NYC Subways will Start Using UV Light to Kill Coronavirus


Adi Goldstein

NYC is implementing a new program to fight the coronavirus on subways. (Photo/Adi Goldstein/Unsplash)

Natasha Ray, Features Editor

Though the spread of COVID-19 is an enormous concern right now, essential transportation is still in use in major cities. This is the case in New York City, where the subways are still running. The Metropolitan Transportation Authority is working hard to sanitize the cars by thoroughly cleaning them every night, but a new technology is sure to be put in place soon to effectively kill coronaviruses. The Metropolitan Transportation Authority, working together with Columbia University, has spearheaded this effort by introducing a technology that is meant to kill coronaviruses, as well as a host of other diseases such as Ebola, SARS, and Influenza. This technology is UVC light, which can be harmful to people: therefore, every evening, from 1 am to 5 am in New York City, the subways are shut down so that they can use this method to clean the cars. David Brenner, director of Columbia University’s Center for Radiological Research, remarks that he is in the process of adjusting the technology to “UVC-far” lights, which would be able to be in use while people are actually riding the subway. The lights are used to emit a special type of rays called UVC, which essentially encompasses all wavelengths between 200 – 280 nanometers (nm). This type of UV light is often used to sanitize hospital rooms, so by eliminating the viruses on the subway, it decreases the risk of anyone being infected by merely riding the subway.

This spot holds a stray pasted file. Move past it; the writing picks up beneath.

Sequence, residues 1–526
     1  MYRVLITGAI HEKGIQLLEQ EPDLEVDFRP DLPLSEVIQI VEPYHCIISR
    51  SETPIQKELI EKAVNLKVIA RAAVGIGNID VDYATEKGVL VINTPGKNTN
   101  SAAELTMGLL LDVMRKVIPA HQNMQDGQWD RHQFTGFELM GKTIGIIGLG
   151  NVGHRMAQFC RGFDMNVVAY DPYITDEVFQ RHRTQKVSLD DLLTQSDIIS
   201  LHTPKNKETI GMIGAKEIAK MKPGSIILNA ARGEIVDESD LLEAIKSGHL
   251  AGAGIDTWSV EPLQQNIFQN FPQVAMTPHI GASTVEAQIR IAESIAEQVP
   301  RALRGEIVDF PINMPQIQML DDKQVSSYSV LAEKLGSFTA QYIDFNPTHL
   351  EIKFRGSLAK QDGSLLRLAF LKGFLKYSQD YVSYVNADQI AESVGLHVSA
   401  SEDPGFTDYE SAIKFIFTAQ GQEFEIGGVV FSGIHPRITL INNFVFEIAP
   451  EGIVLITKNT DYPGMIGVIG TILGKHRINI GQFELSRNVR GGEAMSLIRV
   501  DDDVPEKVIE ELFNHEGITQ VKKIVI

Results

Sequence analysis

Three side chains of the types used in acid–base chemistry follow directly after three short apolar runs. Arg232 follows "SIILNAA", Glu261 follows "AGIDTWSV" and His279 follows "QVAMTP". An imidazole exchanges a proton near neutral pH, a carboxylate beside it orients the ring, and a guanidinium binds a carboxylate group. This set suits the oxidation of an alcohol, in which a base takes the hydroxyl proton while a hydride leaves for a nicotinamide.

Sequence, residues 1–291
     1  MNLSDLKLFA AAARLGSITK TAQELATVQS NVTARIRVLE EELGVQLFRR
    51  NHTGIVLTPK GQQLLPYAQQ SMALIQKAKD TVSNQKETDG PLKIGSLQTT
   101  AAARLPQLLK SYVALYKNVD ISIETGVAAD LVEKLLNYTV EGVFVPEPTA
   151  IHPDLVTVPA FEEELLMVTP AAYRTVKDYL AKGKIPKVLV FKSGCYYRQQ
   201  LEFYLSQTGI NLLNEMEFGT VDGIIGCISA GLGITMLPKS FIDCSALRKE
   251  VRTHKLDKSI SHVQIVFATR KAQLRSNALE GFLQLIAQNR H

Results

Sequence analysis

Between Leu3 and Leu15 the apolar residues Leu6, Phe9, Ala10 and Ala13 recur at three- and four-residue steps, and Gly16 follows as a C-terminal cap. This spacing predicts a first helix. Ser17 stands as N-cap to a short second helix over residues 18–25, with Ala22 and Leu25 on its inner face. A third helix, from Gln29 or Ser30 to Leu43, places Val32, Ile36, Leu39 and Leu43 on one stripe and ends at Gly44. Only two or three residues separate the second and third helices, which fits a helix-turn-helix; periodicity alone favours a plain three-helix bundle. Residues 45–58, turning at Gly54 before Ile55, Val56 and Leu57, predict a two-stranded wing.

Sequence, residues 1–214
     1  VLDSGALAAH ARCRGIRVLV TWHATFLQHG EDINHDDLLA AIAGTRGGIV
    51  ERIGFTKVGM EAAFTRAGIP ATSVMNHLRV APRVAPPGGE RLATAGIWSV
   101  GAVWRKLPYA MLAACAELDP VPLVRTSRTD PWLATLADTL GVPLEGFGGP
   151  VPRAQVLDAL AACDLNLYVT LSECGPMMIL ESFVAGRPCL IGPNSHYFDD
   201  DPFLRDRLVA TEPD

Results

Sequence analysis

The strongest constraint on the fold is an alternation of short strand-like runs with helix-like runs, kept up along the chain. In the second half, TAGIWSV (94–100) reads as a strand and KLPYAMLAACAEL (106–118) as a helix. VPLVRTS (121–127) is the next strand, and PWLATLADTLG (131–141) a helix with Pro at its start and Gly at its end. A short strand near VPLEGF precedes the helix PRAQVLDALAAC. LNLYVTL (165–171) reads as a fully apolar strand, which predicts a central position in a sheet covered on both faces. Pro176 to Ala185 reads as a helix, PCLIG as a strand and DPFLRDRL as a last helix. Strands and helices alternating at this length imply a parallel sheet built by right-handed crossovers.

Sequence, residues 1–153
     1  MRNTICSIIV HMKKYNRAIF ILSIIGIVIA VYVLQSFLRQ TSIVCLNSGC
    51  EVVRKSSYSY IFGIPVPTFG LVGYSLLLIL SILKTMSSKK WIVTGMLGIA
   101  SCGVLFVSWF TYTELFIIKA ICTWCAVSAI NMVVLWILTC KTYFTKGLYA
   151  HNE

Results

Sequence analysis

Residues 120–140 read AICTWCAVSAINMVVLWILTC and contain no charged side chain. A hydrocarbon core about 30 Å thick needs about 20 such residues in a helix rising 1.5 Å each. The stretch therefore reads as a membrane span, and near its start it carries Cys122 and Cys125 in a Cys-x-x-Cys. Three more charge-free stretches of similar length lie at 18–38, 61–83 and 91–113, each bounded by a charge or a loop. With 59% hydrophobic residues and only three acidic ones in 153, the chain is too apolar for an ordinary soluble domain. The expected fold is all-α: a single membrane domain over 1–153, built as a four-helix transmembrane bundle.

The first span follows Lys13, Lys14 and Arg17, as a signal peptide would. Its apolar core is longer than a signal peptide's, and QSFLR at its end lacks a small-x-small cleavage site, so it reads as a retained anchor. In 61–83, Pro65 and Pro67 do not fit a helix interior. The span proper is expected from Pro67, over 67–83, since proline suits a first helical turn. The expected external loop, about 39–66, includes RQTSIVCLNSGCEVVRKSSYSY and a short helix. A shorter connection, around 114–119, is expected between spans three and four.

Although since the beginning of the pandemic, New York City subway usage has decreased by 90%, it is still one of the main modes of transportation used by essential workers to get to and from their jobs. PURO, the company that provides the UV light technology for this initiative, is working closely with the Metropolitan Transportation Authority to ensure that the technology works successfully. So far, the UV lights have been proven to kill the COVID-19 viruses. Currently, this is only a pilot program in phase one, which means that there are 230 UV lamps put out on trains to test their efficacy. If that phase goes smoothly, the UV light technology will be expanded to Long Island Railroad and Metro-North trains.